Any practices described herein that are found to unduly interfere with the educational and research use of the campus network will be immediately reviewed and revised as necessary.
In accordance with the Higher Education Opportunity Act of 2008 (HEOA) (Pub. L. 110-315) that added provisions to the Higher Education Act of 1965, Winthrop University is providing this annual disclosure of information related to the unauthorized distribution of copyrighted materials through illegal downloading or peer-to-peer distribution of intellectual property.
Campus users are reminded that Federal copyright laws (34 CFR 668.43(a)(10)(ii)) apply to many forms of intellectual property including copyrighted music and videos.
Always respect copyright laws! This includes printed and digital material. Do not engage in illicit music, video, or movie downloads. Please be advised that Winthrop’s IT department will notify the appropriate authorities whenever requests are made by the Recording Industry Association of America or any other legitimate enforcement or monitoring entity. Offenders are also reported to the Dean of Students office for disciplinary action.
Copyright infringement is the act of exercising, without permission or legal authority, one or more of the exclusive rights granted to the copyright owner under section 106 of the Copyright Act (Title 17 of the United States Code). These rights include the right to reproduce or distribute a copyrighted work. In the file-sharing context, downloading or uploading substantial parts of a copyrighted work without authority constitutes an infringement.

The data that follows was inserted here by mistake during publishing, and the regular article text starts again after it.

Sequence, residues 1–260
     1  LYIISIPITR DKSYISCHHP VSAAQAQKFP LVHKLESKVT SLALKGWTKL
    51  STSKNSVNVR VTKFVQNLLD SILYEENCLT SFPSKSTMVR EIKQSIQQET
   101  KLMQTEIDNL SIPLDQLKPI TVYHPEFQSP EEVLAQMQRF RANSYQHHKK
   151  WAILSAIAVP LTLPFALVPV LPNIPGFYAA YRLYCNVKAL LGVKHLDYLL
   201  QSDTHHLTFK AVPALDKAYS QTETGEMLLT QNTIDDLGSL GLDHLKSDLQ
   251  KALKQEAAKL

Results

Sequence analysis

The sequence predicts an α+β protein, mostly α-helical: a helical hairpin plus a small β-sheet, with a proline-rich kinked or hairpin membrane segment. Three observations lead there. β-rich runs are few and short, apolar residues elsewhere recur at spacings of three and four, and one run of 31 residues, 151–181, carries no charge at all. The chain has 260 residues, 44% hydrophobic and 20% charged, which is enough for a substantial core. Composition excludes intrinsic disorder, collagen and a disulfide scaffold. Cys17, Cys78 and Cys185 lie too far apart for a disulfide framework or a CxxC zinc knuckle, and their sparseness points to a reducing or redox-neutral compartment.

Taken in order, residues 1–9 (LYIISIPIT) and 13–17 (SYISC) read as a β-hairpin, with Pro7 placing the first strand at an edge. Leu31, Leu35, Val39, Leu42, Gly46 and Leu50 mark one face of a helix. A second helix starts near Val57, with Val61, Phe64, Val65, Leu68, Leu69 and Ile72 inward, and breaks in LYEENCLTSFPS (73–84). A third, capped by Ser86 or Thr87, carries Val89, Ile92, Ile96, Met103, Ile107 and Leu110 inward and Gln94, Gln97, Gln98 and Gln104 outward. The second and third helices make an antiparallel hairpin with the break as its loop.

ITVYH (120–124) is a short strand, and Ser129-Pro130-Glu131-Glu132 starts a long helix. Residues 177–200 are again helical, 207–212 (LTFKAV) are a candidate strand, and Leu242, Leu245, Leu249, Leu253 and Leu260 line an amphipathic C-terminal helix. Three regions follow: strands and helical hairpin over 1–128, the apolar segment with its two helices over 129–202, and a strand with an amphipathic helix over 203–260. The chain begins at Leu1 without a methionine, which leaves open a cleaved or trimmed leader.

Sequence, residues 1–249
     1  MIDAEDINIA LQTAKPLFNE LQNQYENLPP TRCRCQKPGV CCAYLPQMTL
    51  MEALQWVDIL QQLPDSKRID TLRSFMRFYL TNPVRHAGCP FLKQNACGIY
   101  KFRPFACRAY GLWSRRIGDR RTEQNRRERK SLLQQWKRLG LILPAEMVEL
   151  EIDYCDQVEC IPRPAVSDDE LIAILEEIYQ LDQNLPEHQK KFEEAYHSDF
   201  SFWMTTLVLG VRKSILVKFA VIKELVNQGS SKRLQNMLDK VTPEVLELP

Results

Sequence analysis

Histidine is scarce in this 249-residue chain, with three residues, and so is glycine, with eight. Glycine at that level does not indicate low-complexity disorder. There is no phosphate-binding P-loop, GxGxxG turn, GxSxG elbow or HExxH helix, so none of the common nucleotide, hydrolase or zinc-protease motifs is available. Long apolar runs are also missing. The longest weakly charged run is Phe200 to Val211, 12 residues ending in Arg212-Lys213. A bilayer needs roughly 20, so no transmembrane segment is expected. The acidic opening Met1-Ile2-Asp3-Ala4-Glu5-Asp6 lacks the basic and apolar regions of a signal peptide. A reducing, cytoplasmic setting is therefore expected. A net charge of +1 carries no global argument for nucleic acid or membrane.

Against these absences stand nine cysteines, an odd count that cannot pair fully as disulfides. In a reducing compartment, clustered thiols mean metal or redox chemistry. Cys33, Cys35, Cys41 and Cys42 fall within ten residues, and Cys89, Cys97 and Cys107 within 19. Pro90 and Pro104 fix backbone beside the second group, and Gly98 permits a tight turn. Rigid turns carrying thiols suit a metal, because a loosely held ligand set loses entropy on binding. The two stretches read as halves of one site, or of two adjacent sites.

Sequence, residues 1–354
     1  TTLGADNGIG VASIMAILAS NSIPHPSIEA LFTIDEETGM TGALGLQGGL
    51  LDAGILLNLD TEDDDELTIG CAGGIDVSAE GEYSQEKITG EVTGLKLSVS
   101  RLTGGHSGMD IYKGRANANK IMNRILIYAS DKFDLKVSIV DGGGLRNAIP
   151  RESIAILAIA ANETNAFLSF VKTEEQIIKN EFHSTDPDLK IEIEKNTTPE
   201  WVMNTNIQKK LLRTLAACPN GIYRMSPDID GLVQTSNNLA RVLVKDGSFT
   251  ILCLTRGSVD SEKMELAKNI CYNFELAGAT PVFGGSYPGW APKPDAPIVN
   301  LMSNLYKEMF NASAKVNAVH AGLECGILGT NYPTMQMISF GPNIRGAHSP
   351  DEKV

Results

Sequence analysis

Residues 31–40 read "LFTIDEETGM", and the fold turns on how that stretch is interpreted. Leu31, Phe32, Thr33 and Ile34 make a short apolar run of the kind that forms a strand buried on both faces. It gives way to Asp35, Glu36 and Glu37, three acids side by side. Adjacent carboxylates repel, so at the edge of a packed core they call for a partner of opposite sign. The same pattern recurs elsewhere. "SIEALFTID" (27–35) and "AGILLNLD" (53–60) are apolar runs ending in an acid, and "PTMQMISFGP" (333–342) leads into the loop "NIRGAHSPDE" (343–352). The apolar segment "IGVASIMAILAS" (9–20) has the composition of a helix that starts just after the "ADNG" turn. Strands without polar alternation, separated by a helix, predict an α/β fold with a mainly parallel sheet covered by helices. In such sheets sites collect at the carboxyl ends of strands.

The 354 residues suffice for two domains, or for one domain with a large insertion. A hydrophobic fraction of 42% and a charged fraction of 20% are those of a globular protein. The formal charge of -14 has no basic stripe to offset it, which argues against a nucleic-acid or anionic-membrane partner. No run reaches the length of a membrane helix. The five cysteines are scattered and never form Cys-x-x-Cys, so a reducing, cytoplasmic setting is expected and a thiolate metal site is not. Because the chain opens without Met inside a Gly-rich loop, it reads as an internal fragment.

Copyright infringement includes civil and criminal penalties. In general, anyone found liable for civil copyright infringement may be ordered to pay either actual damages or "statutory" damages affixed at not less than $750 and not more than $30,000 per work infringed. For "willful" infringement, a court may award up to $150,000 per work infringed. A court can, in its discretion, also assess costs and attorneys' fees. For details, see Title 17, United States Code, Sections 504, 505.
Willful copyright infringement can also result in criminal penalties, including imprisonment of up to five years and fines of up to $250,000 per offense.
In addition to civil and criminal penalties, students face disciplinary action in accordance with the Student Code of Conduct and the Student Handbook. University penalties may be as severe as suspension of or loss of access to University computer resources (including the campus network), suspension, or expulsion from the University.
For more information, please see the Web sites of the U.S. Copyright Office, especially their FAQ's, and Winthrop University’s technology policies.